The study of oceanography gives students a world view, an understanding of the global system that is our environment; it provides a better understanding of the interconnectedness of systems within a major feature of our earth.

Oceanographers address practical problems and engage in basic scientific discovery. In the area of human health, for example, the oceans provide threats such as storms and hurricanes, and rising sea levels endangering coastal populations (more than half of the world’s population live within 50 km of the sea). The oceans provide a diversity of food, are the reservoir of our water supply and most of the heat and carbon of the climate system, are the source of roughly half the respired oxygen of the biosphere, and contain most of the remaining undiscovered natural pharmaceuticals.

    Marine Biology covers the study of a range of marine ecosystems, organisms and their classification. It examines the interconnectedness and relationships within the population dynamic and the human impact on these. Students will use the skills of scientific inquiry to design and conduct an investigation and communicate their findings. They will develop an understanding of science as a human endeavour within the inter-disciplinary field of Oceanography.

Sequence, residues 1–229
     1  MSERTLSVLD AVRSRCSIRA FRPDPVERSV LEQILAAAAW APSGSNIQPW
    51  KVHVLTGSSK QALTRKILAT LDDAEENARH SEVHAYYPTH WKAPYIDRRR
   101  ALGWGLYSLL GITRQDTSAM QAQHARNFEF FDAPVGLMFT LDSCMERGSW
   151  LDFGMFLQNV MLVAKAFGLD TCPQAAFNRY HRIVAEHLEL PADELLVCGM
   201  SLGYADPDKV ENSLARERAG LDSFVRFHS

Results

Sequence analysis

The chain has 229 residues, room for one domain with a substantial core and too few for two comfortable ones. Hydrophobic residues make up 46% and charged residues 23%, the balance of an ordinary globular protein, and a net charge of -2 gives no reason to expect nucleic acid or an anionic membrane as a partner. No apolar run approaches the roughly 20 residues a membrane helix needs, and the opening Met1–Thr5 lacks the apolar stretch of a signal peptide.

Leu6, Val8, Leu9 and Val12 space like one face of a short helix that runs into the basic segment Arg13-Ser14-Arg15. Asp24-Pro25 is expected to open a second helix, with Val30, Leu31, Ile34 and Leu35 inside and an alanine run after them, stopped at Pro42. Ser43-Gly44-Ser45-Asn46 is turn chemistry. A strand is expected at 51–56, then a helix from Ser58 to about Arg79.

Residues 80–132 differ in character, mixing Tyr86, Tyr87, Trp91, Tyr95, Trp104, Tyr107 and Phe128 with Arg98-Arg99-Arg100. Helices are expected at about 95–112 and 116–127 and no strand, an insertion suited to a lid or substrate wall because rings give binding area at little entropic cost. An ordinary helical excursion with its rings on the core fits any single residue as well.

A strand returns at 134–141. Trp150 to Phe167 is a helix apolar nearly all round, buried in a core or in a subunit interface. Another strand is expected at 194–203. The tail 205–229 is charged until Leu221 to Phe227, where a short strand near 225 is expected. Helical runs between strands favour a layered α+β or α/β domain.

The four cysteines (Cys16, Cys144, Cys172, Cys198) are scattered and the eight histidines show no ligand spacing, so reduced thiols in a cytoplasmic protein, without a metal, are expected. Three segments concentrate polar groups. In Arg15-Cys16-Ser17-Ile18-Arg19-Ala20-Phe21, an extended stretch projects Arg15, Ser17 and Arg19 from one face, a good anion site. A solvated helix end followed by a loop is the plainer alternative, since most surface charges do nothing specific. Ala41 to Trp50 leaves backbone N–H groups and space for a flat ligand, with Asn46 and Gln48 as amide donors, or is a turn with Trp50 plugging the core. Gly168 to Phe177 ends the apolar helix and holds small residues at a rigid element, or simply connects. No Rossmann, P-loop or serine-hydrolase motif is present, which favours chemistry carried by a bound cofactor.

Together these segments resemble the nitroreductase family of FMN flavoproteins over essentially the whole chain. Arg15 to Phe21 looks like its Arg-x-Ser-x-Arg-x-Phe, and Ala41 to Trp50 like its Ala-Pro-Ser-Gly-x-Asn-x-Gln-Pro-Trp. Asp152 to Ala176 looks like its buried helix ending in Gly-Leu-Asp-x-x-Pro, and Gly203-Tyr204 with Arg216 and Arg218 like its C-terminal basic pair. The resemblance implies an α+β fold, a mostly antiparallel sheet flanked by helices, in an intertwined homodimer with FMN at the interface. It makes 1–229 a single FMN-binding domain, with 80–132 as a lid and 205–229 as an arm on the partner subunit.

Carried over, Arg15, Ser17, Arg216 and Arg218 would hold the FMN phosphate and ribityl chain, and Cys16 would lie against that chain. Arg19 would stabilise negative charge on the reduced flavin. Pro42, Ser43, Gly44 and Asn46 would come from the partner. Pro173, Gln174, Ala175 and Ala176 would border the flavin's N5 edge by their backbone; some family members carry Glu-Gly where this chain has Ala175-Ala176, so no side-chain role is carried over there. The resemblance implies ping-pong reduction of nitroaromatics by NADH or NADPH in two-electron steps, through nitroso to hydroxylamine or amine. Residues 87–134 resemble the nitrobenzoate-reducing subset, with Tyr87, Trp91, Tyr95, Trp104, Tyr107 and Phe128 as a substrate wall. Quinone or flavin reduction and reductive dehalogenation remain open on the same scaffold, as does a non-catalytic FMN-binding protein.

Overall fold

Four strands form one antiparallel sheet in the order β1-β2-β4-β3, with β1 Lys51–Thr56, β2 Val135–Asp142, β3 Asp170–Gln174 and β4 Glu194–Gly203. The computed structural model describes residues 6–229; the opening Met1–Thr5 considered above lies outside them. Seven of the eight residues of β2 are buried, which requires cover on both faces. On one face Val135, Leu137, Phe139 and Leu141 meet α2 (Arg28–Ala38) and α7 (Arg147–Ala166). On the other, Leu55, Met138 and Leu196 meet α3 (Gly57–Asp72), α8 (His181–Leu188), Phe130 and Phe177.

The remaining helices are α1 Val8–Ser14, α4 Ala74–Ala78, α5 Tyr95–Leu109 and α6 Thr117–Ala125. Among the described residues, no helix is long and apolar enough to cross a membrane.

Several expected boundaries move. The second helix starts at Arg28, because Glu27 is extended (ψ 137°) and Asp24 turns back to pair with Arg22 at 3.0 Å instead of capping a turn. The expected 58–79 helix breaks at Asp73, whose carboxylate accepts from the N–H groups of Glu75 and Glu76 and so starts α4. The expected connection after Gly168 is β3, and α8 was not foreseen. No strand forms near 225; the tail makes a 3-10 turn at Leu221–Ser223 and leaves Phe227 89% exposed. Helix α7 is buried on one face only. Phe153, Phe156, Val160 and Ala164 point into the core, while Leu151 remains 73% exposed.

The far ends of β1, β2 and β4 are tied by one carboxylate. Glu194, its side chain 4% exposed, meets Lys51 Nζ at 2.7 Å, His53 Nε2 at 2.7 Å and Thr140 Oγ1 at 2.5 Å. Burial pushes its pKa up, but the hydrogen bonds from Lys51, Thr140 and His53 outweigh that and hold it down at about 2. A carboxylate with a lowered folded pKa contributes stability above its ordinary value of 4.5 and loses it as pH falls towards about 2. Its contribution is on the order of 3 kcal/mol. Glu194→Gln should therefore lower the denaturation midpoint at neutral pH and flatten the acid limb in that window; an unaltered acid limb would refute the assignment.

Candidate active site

Students will develop an understanding of the physical forces within the earth that affect the ocean basins, including tectonic theory and volcanism. Data is used to construct visual representations and models of the bathymetry of the ocean basins and to predict new land formations such as those seen in volcanic island arcs. Students will evaluate mapping tools and the use of technology. They will examine the effects of natural and anthropogenic processes that create weathering and erosion of coastal environments. Students will examine science as a human endeavour within the interdisciplinary field of Oceanography.
    Students will develop an understanding of the chemical properties of the marine environment such as salinity, dissolved gases and water molecules, and the effects related to these properties, such as density, acoustics, viscosity, temperature and movement of nutrients. The unit examines atmospheric properties and conditions, oceanic and atmospheric pollution, and gas cycles for carbon, nitrogen and oxygen. Students will use scientific inquiry and examine science as a human endeavour within the field of Oceanography.
    Students will study physical principles such as wave generation and theory, fluid statics and dynamics and the effects of processes such as tides and currents, including thermohaline circulation. Students will study energy balances, weather patterns, sustainability and energy harvesting, and an evaluation of the anthropogenic contribution to climate change.

    Students can complete a Major by completing 4 units or a Minor by completing any 2 units.